• create a new branch with the current commit as a head: git branch branchname,
  • attach the new commit to another branch (suppose it is branch master): remember the ID of the new commit, checkout the required branch (git checkout master), cherry-pick your commit to it (git cherry-pick id).

If you find yourself in the second situation (you’ve just committed to a detached head, checked out another branch and don’t remember the commit id), you may use Git’s reflog (git reflog, or git log -g). This will list the history of your HEAD (checkouts, commits and the such), where you can take commit ID and use it wisely.

Merging is an important part of Git workflow. You will, in fact, do merges frequently even if you don’t use branches other than master, provided you use more than one repository. That is because master of one repository and master of another repository are, in general, different branches. So when you do push or pull to/from another repository you do a merge. Git differentiates two merge types (suppose you attempt to merge branch B into branch A):

  • fast-forward merge. This happens when B is a direct descendant of A. This is resolved trivially: Git simply moves reference A to point to B,
    Git Fast-Forward
  • non fast-forward merge. This covers all the remaining cases, and requires a merge commit to be created (merge commit is a commit with at least two parents).
    Git Fast-Forward

This differentiation is important because the fast-forward merge can be performed automatically without human intervention. That’s why this is the only merge possible during Git push. The non fast-forward merge may result in edit conflicts (the situation when two lines of development changed the same line of the same file differently), so a human intervention may be required. This is what is meant by a (not immediately clear) git-push message “remote rejected: non fast-forward”: sorry, I can’t push your modifications, because remote branch has diverged, please resolve this manually. Most often this occurs when another developer managed to push his changes first. In this case just run “git pull”, resolve conflicts (if any), then run “git push”. Less often this occurs when a remote branch has been changed completely (for example, branch pu of Git Git repository is changed very frequently and is not supposed to be developed upon). This means that either you or the remote repository owner screwed up, so you’d better talk to each other. Sometimes this occurs when you try to push to a completely unrelated repository. So just be careful there.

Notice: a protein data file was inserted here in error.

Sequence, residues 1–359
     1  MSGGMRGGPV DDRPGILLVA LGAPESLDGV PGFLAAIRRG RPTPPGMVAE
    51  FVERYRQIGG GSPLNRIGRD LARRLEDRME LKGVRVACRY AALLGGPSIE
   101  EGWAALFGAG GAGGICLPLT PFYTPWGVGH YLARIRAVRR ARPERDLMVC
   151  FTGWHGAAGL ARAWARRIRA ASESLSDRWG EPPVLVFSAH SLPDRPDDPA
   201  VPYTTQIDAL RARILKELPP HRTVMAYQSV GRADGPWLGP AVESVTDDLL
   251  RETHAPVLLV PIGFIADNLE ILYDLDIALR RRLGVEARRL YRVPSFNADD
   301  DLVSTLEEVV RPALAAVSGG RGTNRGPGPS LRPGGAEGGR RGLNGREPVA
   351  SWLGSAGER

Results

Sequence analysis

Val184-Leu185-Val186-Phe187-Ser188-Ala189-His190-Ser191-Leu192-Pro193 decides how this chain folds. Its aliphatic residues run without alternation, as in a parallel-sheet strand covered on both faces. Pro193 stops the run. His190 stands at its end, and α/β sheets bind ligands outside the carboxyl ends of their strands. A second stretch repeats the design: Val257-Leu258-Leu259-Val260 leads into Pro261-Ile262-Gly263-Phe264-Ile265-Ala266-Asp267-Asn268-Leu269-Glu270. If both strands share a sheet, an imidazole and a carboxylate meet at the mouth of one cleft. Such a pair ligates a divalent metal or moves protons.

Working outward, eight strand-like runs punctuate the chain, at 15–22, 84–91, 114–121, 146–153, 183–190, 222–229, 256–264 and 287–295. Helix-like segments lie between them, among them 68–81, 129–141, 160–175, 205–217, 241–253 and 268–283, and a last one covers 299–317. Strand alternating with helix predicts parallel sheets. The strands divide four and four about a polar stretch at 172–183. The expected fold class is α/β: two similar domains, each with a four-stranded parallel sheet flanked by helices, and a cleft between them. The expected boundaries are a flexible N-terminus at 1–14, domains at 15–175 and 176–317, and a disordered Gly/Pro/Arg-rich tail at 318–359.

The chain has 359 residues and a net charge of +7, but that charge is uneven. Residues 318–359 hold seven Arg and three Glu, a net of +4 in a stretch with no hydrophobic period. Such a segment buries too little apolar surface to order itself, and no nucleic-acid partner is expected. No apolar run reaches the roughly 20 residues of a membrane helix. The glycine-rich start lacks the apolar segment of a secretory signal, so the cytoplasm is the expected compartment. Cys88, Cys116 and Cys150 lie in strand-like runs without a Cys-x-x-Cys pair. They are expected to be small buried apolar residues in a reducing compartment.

I should note here, that the “—force” option to git-push along with +refspec notation is not going to solve your problems automagically. It will simply destroy the remote history, replacing with your own. So you should never use it, unless you know exactly what you are doing.

Next up: rebasing and staging area.

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Comments: 10 (already: 6) Comment post

Regarding svn: “If you want to merge it back, you need to remember the revision number, when you created the branch”. This is no longer true in up to date svn versions since a year or so. This is handled by svn internally now what really is a big step for svn.

arwa , 11:14 (after 2 days)

I would say that you overstimate the complexity of subversion merges. Especially in recent versions it got better.

However one cannot compare git merges and subversion merges because, as subversion does not know branching as it is done in git, it does not know merging. If one wants to compare, then one has to compare git cherry-pick with svn merge. And here svn has now a way better implementation. Git cherry-pick has the same problems the old svn merge implementation had.